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tv   Newsline  PBS  September 17, 2013 5:30pm-6:01pm PDT

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not have time to get to. and do not forget to follow me on twitter at @megan_martin. glad to have you with us on this edition of news line. it's wednesday september 18th. north korea has tested an engine for a new intercontintal ballistic missile. the test happened last month at a launch site in the northwest. source say the engine test could be used in this type of missile
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recently on display at military parade. similar tests were carried out at the same launch site in february. this comes in mid suspicious there's through a nuclear reactor capable of making chemical weapons. international leaders are calling for dialogue. officials are expected to attend in beijing. they say they're using the weapons to pressure the u.s. on talks of nuclear issues. north korea has been under international sanctions nearly a decade. it's taken a toll on the country's ecomy. the government decision in 2003 to allow free enterprise has injected into the capital. tall modern buildings are beginning to dot the city's skyline. people can be seen in fashionable clothes and bieg tablet computers.
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foreign reporting is highly restricted in north korea. nhk world was allowed to visit late august to early september. as our correspondent reports, although wealth seems to be reaching parts of the capital, it's a different scene once you go outside. >> reporter: this is becing an increasingly popular way to get around. just a few years ago the number of taxis far and few between. this driver tells me they're now on the rise. >>translator: our supreme leader says he wants to increase the number of taxis to 1,000. there are already more than 500 on the streets. >> a 6 kilometer wide costs $3. it may not sound expensive but for the average citizens here, it's one tenth of their monthly
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wage. tas are still very much reserved for the rich. the government says more and more people are becoming upper class. this residential area is covered with high-rise buildings where the rich can afford to live. many more towers are currently under construction. >> reporter: the city plans to build enough condominiums to how has 100,000 citizens. people have made fortunes aloug small scale private businesses. most have capitalized on fallen investment mainly from china. they can be seen buying imported goods by the bagfuls. even buying those tablet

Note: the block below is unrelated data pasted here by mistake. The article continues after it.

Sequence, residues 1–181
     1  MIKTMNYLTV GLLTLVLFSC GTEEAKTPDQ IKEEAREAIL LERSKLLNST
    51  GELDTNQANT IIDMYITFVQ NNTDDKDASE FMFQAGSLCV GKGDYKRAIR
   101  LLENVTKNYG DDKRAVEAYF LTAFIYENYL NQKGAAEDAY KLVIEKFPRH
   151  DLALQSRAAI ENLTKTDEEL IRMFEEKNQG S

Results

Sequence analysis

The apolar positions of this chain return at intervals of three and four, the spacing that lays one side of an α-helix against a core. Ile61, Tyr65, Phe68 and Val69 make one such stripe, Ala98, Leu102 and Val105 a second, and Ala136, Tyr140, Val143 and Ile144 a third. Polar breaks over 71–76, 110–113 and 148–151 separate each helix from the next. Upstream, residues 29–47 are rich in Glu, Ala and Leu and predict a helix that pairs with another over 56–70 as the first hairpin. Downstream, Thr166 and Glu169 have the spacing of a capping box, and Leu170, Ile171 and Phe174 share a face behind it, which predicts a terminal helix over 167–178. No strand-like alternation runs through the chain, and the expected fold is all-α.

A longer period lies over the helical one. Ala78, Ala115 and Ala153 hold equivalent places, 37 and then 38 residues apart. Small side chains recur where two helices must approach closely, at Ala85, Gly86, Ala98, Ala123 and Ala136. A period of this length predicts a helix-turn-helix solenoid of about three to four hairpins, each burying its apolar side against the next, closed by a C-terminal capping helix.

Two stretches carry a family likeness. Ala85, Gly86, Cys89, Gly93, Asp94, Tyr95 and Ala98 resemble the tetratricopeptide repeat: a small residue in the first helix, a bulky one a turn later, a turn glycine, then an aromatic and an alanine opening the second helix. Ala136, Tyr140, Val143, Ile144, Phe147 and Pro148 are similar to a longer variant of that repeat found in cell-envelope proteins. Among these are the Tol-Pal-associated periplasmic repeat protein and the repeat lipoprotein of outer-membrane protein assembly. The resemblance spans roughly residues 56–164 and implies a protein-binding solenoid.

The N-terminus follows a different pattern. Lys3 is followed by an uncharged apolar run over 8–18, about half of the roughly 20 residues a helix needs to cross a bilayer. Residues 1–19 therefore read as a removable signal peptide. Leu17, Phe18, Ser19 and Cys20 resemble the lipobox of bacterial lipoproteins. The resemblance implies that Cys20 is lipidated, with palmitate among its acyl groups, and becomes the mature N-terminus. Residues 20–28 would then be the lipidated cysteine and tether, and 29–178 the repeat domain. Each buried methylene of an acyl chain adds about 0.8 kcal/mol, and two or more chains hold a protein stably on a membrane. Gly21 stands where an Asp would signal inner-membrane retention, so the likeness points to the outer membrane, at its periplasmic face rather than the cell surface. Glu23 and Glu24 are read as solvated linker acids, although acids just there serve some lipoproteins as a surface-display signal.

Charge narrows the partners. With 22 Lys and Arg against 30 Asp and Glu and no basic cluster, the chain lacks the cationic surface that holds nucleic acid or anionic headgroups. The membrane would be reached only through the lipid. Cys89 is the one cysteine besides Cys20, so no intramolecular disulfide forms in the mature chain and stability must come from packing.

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computers, even though one unit cost five times the average monthly salary. >>translator: it has changed a great deal. our comrade initiatives are producing fruitfulle results. >> reporter: then it's clear the government doesn't want you to see driving out of the capital. it's like going back in time where road turns from paved to bumpy. a steady stream of cars have carts and vehicles that run on charcoal. >> reporter: most people still rely on bicycles to travel around. most officials don't talk about these issues. they'd rather focus on what they
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say is the country's rising and government proceeds that have stimulated economic growths like this tote from three hours. currently being built by 10,000 soldiers and students, officials say it's expected to be complete this year. it will boast 11 ski slopes, high class hotel. >>translator: this resort aims to be profitable. it's also a place where north korea can enjoy skiing, including the young. >> reporter: there's this project already complete. a suite with ocean view at this beach resort cost $262 for a night.
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>>translator: we came from pyongyang. >> i feel very good. people can enjoy themselves at resorts like this thanks to the profound love of our leader kim jongun. >> reporter: a luxury get away for north koreans able to benefit from the economic reforms. officials want to give the impression the entire country is booming. the difference between the country side suggests a different story. >> he's now back from north korea. he has insight into the country's economic growth. >> we followed the group of researchers are trying to locate the remains of japanese people who died there after world war ii. it was because of that that we were able to get video of what conditions are like in the country side. we were actually able to do